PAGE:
$2.0 Million Grant from the New York State Biodefense Commercialization Fund
Approximately $1.0 Million Received as Sub-Awardee of Vanderbilt University Under DARPA’s Pandemic Prevention Platform (P3) Program
RenBio, our private preclinical biotech firm, announced significant funding milestones today. We have secured a $2.0 million grant from Empire State Development’s New York State Biodefense Commercialization Fund for our proposal: “Rapid Delivery of Monoclonal Antibodies for the Prevention of Future Infectious Disease Outbreaks.”
Created in 2021, the goal of the $40.0 million New York State Biodefense Commercialization Fund is to accelerate the development and commercialization of innovations targeting infectious disease threats while fostering new life science businesses and industry growth within the State.
Additionally, as a sub-awardee of Vanderbilt University Medical Center, we have received approximately $1.0 million (with an option for an additional $3.6 million) under DARPA’s Pandemic Prevention Platform (P3) program.
The goal of DARPA’s P3 program, founded in 2017, is to support military readiness and global stability through the pursuit of novel methods to dramatically accelerate discovery, integration, preclinical testing, and manufacturing of medical countermeasures against infectious diseases.
These grants will support RenBio’s pioneering MYO Technology™ platform, which aims to revolutionize antibody and protein medicines using DNA therapeutics.
“The New York State Biodefense Commercialization Fund is an important source of capital for the industry, and we are proud to be one of just eight biotechnology companies selected as an inaugural awardee out of over 100 companies that applied,” said Neal N. Padte, Ph.D., Chief Operating Officer and Chief Development Officer of RenBio. “Likewise, we are honored to collaborate with Vanderbilt University Medical Center as part of the DARPA P3 program, leveraging our disruptive MYO Technology™ to halt the spread of infectious disease outbreaks before they can escalate into pandemics.”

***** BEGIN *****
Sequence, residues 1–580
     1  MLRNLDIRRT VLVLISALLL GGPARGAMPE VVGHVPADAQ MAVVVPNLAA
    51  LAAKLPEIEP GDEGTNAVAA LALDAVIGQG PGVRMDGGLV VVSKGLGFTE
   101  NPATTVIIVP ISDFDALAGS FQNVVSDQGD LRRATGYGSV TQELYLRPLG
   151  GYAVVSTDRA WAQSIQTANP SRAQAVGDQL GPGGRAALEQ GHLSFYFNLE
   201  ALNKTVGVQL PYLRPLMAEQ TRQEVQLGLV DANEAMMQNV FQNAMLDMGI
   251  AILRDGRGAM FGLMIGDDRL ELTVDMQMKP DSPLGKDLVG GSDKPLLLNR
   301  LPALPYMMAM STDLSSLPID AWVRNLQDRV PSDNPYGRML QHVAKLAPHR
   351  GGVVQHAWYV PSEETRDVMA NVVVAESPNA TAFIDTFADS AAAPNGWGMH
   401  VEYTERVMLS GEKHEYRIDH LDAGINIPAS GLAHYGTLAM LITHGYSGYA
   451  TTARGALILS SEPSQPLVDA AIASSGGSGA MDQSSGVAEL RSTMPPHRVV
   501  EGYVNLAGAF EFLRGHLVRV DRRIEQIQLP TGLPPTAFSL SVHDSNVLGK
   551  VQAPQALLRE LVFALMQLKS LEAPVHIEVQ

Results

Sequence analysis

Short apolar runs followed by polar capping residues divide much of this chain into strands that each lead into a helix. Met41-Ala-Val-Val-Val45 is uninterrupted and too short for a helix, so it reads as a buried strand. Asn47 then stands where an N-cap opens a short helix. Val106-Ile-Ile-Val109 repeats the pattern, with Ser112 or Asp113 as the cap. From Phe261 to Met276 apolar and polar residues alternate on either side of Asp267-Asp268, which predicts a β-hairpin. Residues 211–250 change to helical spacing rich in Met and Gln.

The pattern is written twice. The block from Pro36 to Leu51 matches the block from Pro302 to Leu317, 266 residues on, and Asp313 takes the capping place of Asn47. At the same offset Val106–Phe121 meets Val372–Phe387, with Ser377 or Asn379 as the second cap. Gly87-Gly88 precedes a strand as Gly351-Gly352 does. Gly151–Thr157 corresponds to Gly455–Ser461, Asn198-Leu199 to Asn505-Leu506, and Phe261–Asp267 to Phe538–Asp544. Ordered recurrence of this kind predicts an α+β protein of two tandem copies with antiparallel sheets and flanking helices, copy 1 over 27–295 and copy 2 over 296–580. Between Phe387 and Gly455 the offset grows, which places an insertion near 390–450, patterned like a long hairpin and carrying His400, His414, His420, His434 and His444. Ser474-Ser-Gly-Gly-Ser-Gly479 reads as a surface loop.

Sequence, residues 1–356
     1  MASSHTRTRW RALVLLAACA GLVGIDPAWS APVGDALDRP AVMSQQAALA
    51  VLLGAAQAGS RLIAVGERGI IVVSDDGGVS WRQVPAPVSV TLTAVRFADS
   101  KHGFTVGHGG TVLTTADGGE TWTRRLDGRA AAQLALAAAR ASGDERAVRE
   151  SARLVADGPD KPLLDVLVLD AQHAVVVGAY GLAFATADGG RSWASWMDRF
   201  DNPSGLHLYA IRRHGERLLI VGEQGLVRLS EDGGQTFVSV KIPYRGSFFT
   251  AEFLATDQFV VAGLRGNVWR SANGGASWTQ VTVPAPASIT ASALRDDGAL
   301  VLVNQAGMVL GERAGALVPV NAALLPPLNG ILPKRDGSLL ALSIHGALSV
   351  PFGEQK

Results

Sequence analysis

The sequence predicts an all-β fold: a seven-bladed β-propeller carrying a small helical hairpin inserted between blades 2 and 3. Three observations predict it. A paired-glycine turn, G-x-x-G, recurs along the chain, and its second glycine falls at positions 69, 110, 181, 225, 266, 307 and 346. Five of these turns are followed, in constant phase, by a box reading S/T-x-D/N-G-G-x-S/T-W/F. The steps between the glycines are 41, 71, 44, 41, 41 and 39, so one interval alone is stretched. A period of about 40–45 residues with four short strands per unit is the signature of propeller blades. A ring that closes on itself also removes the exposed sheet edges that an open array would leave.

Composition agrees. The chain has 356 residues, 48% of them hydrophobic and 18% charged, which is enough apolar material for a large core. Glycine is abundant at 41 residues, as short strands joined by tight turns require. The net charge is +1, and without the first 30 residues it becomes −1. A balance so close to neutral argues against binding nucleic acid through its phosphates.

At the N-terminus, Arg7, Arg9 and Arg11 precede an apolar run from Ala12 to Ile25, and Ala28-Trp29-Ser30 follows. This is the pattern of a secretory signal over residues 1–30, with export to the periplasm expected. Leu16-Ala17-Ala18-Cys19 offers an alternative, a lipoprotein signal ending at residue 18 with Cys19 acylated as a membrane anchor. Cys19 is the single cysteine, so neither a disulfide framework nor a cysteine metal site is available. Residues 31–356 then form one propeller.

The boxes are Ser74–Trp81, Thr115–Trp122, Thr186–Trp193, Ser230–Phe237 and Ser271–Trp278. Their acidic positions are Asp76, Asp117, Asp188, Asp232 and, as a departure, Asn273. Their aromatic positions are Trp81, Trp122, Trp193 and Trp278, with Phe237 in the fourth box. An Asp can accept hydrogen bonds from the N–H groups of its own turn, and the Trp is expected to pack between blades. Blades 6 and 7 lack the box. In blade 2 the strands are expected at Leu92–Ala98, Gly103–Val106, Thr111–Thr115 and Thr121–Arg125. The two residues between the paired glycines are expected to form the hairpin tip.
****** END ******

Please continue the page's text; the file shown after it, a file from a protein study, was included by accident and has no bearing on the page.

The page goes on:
Rachel A. Liberatore, Ph.D., Chief Scientific Officer of RenBio added, “Frequent dosing regimens, specialized manufacturing, and inconvenient cold-chain requirements are limiting factors for the advancement and use of antibody and protein therapeutics, globally. The work funded by these grants will help us advance our platform validation and IND-enabling studies, and will provide further demonstration of the broad applicability of our MYO Technology™ platform for the delivery of next-generation medicines in the form of DNA therapeutics.”
Empire State Development President, CEO and Commissioner, Hope Knight, noted, “New York State’s Biodefense Commercialization Fund highlights how we are strategically investing in life science R&D and manufacturing to fuel cutting-edge healthcare solutions that will both save lives and grow jobs. We are proud to support the development of RenBio’s MYO Technology™ DNA therapeutics platform to help pinpoint and prevent serious infectious disease threats, while also growing industry innovation.”
“The rise of COVID-19 has served as a wake-up call for the need to rapidly respond to infectious disease outbreaks globally,” said James E. Crowe, Jr., MD, Ann Scott Professor at Vanderbilt University Medical Center, Director of the Vanderbilt Vaccine Center, and Principal Investigator of the DARPA P3 award. “RenBio’s platform has potential to deploy gene-encoded antibodies against future infectious disease outbreaks. We plan to use this approach as part of our DARPA P3 program in order to create an end-to-end pandemic response platform.”
About MYO Technology™
The MYO Technology™ platform is built to overcome the challenges inherent in typical antibody and protein therapeutic development, manufacturing, and delivery, by providing patients with a DNA “bioblueprint” that empowers them to produce their own therapeutic antibodies or proteins.
The technology utilizes muscle cells (myocytes), converting them into in vivo bioreactors to effectively produce the desired therapeutic within the patient’s own body, potentially leading to radically new, longer lasting therapies, negating the need for cold-chain storage and resulting in shorter manufacturing times.
RenBio is a privately-held, preclinical biotechnology company founded by Columbia University Professors David D. Ho, M.D. and Yaoxing Huang, Ph.D. The Company’s novel, next-generation, proprietary nucleic acid therapeutics platform, called MYO (Make Your Own) Technology™, is designed to deliver DNA medicines encoding for antibody and protein therapeutics.
The rapid plug-and-play features of the MYO Technology™ are intended to overcome antibody and protein therapeutic limitations in administration, duration of efficacy, dosing frequency, and cold-chain restrictions, and can rapidly flex to prevent or treat a broad range of diseases.
To date, the company has raised $28.0 million in Seed and Series A financing and has received non-dilutive funding from the Defense Advanced Research Projects Agency (DARPA) and the Bill and Melinda Gates Foundation.
Source: PR Newswire.
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